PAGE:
Note: This post has been updated to include an interview with a passenger.
This has not been a particularly good week for the public image of the nation’s airline pilots. Earlier this week, a Delta 767 landed on a taxiway in Atlanta instead of a runway.
And a few moments ago, the National Transportation Safety Board issued a news release detailing a puzzling lapse by a Northwest Airlines flight crew over Minneapolis yesterday:
On Wednesday, October 21, 2009, at 5:56 pm mountain daylight time, an Airbus A320, N03274, operating as Northwest Airlines (NWA) flight 188, became a NORDO (no radio communications) flight at 37,000 feet.
The flight was operating as a Part 121 flight from San Diego International Airport, San Diego, California (SAN) to MSP with 147 passengers and unknown number of crew.
At 7:58 pm central daylight time (CDT), the aircraft flew over the destination airport and continued northeast for approximately 150 miles. The MSP center controller reestablished communications with the crew at 8:14 pm and reportedly stated that the crew had become distracted and had overflown MSP, and requested to return to MSP.
According to the Federal Administration (FAA) the crew was interviewed by the FBI and airport police. The crew stated they were in a heated discussion over airline policy and they lost situational awareness. The Safety Board is scheduling an interview with the crew.
The cockpit voice recorder (CVR) and flight data recorder (FDR) have been secured and are being sent to the NTSB laboratory in Washington, DC.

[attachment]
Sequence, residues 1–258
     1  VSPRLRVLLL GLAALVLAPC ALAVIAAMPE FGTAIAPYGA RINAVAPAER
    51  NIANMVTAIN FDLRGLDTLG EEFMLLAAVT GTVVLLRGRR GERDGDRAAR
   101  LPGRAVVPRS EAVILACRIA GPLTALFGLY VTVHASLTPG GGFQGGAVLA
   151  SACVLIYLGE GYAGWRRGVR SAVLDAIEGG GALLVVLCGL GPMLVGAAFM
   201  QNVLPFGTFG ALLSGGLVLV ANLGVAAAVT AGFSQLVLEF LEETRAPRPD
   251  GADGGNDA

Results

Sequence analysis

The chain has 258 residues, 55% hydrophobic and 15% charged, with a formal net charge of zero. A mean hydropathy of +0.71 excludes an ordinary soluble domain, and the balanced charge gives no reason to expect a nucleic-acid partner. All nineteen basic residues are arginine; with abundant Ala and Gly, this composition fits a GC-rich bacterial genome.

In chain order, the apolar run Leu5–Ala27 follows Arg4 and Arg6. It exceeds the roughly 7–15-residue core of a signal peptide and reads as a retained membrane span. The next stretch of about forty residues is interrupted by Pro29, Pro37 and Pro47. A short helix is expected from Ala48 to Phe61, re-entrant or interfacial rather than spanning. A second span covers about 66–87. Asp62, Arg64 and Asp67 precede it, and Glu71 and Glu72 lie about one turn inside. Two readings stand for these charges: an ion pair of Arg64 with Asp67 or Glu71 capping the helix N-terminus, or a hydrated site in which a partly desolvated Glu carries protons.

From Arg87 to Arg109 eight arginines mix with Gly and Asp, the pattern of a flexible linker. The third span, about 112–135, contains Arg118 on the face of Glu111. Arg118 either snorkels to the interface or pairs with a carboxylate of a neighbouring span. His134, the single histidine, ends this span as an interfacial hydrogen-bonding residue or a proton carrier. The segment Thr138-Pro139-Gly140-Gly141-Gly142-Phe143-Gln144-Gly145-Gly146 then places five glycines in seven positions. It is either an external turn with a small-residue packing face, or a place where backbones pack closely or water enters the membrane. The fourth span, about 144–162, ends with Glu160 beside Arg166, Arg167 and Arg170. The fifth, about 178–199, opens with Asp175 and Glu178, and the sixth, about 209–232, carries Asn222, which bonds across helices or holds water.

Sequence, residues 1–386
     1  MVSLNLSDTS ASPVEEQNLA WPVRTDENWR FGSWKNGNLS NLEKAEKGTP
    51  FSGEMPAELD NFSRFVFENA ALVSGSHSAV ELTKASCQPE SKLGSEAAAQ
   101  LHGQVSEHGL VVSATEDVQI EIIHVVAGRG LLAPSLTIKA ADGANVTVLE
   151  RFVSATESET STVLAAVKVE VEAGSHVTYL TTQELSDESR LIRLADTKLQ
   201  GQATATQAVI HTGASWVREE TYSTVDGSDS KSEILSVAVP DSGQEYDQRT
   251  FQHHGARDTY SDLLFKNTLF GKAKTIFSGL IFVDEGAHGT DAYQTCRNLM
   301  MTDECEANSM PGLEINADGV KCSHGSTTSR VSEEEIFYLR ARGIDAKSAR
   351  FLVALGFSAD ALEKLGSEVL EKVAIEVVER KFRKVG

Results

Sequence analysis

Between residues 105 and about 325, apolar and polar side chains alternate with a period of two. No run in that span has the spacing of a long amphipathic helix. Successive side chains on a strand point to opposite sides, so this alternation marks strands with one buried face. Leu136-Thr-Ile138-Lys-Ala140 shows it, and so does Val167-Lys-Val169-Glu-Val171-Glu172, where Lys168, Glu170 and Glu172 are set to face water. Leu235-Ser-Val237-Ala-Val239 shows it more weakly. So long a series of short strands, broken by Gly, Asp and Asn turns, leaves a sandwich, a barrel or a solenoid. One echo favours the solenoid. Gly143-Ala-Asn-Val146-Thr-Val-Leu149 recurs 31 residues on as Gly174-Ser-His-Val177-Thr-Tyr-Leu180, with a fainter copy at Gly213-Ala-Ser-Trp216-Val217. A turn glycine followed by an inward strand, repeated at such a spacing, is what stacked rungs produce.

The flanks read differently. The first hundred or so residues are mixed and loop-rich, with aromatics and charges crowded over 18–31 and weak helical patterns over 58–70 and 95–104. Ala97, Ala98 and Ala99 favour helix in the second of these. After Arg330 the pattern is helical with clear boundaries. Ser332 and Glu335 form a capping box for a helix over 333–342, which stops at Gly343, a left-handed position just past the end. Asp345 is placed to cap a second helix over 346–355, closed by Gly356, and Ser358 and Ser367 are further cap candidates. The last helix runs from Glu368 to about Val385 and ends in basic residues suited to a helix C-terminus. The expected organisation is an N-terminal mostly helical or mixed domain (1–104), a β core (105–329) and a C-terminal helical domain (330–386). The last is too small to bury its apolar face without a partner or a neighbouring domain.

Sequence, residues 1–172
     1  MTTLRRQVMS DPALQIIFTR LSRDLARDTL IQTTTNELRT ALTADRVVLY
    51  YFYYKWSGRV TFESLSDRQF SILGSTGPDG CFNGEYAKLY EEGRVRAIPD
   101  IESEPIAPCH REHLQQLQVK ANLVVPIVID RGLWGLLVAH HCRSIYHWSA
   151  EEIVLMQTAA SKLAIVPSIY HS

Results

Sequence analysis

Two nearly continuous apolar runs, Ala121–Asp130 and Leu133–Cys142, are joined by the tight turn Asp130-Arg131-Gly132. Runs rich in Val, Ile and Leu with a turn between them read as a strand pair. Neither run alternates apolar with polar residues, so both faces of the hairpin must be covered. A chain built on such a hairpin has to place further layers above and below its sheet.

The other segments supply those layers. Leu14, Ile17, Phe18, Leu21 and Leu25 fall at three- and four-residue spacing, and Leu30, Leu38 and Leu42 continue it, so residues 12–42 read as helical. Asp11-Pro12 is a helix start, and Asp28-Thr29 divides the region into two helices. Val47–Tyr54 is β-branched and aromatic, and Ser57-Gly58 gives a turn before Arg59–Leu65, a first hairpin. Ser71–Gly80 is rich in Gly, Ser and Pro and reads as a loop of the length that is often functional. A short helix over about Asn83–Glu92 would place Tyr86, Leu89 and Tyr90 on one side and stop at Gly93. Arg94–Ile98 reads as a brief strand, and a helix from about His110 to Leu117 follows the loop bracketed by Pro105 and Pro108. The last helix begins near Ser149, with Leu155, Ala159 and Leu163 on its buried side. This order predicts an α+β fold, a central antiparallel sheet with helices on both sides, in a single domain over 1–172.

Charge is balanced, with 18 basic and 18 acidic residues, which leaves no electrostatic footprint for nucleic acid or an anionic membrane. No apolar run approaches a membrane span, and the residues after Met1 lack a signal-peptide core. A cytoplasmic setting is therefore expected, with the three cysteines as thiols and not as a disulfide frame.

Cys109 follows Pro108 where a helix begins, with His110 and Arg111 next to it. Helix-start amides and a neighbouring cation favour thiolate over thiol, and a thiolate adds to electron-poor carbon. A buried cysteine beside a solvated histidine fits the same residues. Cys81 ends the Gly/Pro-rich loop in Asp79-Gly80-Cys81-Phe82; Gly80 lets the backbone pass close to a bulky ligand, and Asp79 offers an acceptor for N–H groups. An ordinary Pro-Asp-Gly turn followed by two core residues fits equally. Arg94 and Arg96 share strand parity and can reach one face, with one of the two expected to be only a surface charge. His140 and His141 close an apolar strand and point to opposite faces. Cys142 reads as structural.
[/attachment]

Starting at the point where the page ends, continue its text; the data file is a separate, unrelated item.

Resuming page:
The plane landed around 9:15 last evening, more than an hour late. The pilot was all business by the time he called the tower for permission to land (liveATC.com):
There are so many obvious safety violations here, it’s hard to know where to start. But the biggest one is the lapse in what safety experts call “cockpit resource management.” ideally, CRM is when the captain and first officer are working as a team to ensure the safe conclusion of a flight.
When a flight crew is having a “heated argument” that they miss their intended airport and keep flying, well, you’re looking at the end of a couple of airline careers.
Let’s review a few items from the Wayback Machine: Even a cockpit full of drunken pilots was able to hold it together and find the airport.
Here’s what happens when there’s a lack of proper crew resource management.
There are other questions, too, obviously. For example, if a airliner full of people suddenly goes silent, did any military jets scramble to intercept it? And if not, why not?
If you want to watch this play out on a forum for airline pilots, go here.
Update 5:01 p.m. – Bach Parker of St. Louis Park was on the flight. He was returning from a business trip to San Diego. Listen to the entire interview. He describes the scene as passengers were disembarking, noting that a case was removed from the cockpit and several “dark suits” were standing by.
Update 6:19 p.m. – On the question of whether there was a Department of Homeland Security response, this reply (by e-mail) from Kristin Lee, the assistant administrator in the Office of Strategic Communications & Public Affairs Transportation Security Administration:
TSA’s Transportation Security Operations Center was aware of the issue and worked with our federal partners to monitor the situation.
Another good reminder to me that when you’re talking to the federal government, be very specific about what you want to know, such as “did you scramble any jets to intercept the aircraft?”
Update 6:36 p.m. The Associated Press reports:
The FAA notified the military, which put Air National Guard fighter jets on alert at two locations. As many as four planes could have been scrambled, but none ever took to the air.
“After FAA re-established communications, we pulled off,” said Michael Kucharek, a North American Aerospace Defense Command spokesman.
Update 8:22 a.m. 10/23 – Here’s my appearance with Cathy Wurzer on MPR’s Morning Edition:<br /
(h/t: Than Tibbetts, Ryan Mathre)
(Image: This is the radar track for the flight)